Even viewed through that sort of lens, however, it’s hardly a bright, sunny candy-canes-and-lolly-pops sort of topic. But King-Spooner insisted that his intention with Beeswing is not to send players into spirals of existential depression. Rather, he wants to well and truly tell the story of a place, and that requires painting the full picture: death, change, attachment, growing old, truth, lies, people, time. He loves his home – its people, its folktales, and its culture – and he wants other people to understand why. More importantly, he wants them to feel it too.

“Beeswing is about paying homage to a bunch of these amazing things,” he said. “It’s about things that maybe aren’t there anymore, but they’ll always be there in my memory. That’s a much nicer thing to dwell on than them going away, I think.”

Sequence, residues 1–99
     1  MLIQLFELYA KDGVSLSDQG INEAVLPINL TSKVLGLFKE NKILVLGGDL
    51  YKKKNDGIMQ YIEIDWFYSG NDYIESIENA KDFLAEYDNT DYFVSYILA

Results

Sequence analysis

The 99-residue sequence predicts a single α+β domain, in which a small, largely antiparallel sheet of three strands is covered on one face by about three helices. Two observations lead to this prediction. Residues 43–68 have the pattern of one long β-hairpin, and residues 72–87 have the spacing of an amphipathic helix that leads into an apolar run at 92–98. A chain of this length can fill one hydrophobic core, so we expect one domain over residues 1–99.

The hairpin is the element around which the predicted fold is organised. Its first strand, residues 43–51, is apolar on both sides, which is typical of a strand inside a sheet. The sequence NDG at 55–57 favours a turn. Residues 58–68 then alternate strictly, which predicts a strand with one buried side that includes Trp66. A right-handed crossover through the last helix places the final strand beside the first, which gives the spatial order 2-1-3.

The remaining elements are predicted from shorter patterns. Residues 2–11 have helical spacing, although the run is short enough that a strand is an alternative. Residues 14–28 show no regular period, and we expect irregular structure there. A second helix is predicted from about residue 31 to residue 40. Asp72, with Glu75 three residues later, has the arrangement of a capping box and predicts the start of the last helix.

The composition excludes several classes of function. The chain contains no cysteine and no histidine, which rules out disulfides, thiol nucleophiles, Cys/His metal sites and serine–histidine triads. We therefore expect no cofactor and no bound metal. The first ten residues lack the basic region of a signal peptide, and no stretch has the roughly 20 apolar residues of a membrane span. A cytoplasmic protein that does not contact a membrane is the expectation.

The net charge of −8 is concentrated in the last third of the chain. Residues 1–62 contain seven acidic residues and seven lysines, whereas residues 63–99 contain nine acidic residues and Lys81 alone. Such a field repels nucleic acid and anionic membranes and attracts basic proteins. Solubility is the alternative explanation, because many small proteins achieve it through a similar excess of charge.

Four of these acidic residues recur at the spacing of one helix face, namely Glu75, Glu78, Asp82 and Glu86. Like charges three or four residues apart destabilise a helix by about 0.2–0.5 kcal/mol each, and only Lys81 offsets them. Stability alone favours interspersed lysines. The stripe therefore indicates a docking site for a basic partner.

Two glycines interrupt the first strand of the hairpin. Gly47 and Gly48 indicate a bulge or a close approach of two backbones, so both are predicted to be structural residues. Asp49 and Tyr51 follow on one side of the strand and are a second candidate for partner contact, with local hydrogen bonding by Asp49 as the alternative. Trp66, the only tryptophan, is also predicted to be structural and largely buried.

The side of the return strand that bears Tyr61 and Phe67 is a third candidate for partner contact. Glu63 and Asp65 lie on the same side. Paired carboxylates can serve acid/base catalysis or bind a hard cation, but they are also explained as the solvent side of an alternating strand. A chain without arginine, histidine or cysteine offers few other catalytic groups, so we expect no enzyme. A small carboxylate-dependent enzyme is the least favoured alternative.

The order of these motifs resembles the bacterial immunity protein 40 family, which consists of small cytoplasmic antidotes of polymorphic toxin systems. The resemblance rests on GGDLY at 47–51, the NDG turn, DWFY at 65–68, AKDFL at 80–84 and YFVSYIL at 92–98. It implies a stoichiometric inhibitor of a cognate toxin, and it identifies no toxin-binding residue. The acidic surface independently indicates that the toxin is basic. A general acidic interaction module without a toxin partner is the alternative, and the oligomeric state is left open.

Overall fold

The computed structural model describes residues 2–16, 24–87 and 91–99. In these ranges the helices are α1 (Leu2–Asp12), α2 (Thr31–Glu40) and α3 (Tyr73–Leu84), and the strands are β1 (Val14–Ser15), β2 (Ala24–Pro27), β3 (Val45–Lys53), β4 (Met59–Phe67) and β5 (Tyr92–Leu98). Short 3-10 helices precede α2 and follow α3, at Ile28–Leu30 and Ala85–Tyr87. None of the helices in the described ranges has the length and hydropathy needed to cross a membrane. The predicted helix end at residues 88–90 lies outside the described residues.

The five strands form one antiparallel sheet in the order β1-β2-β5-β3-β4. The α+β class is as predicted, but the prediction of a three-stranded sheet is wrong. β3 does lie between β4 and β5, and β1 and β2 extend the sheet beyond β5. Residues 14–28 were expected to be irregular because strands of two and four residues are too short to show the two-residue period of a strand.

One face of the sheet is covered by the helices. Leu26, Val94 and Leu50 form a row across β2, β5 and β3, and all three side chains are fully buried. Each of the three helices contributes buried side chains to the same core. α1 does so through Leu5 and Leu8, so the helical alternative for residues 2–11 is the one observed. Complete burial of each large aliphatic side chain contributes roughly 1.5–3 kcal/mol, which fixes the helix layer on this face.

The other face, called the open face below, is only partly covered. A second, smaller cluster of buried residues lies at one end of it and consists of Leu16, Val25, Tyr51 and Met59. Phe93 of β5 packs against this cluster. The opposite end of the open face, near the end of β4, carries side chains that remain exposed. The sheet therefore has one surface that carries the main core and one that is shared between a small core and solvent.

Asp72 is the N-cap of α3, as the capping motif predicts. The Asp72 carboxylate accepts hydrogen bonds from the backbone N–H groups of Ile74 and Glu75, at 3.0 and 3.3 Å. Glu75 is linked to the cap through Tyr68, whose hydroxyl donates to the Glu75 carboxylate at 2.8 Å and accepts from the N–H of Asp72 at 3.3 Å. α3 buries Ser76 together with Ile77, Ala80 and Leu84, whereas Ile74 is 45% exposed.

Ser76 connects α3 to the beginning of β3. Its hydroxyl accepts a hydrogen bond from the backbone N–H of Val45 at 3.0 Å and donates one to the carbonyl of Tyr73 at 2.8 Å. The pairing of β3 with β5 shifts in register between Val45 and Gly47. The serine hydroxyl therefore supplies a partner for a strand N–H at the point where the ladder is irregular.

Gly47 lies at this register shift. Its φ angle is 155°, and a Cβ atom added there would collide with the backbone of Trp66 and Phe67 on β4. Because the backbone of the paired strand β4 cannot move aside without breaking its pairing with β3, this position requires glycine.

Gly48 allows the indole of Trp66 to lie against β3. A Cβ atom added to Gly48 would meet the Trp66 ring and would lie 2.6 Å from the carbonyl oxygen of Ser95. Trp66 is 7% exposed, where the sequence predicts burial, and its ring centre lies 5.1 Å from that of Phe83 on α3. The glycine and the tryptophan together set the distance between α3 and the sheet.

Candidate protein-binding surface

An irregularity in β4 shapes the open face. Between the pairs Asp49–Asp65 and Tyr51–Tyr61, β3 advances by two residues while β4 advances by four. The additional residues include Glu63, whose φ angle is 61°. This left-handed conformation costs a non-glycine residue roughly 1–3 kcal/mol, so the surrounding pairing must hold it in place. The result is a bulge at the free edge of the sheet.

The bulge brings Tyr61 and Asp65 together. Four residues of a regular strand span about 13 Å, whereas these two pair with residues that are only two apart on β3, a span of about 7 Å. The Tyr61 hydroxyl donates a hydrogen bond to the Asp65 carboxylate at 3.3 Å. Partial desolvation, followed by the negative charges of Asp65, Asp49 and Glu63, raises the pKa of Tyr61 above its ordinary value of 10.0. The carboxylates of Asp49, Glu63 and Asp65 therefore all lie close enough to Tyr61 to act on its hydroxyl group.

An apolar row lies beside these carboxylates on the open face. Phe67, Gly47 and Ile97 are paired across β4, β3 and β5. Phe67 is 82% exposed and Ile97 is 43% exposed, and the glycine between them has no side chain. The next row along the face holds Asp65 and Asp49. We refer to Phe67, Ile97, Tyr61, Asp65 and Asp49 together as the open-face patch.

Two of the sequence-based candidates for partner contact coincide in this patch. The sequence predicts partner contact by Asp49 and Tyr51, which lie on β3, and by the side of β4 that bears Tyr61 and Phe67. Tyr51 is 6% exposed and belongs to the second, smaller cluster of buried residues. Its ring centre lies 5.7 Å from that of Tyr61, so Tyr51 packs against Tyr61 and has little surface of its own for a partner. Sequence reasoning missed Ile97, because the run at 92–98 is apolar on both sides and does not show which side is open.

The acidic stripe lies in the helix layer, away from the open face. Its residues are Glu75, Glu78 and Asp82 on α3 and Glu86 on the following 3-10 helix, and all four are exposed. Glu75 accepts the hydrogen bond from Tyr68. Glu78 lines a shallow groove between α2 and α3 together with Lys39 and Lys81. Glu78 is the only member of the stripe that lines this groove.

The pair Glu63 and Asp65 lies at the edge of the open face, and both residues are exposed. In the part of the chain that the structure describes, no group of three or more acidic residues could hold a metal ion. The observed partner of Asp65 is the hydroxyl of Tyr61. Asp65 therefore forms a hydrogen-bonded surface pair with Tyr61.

He offered the example of his former (now sadly deceased) neighbor, a woman by the name of Edith Sterling. She helped take care of him when he was young. She’s gone now, but King-Spooner’s memories of her live on in Beeswing. She’s not a tombstone in the game. She’s a human being – one of hundreds you’ll meet along the way. “But a hundred plus stories isn’t really much when you’re trying to describe a place and a circumstance in an honest way,” King-Spooner pointed out, soberly.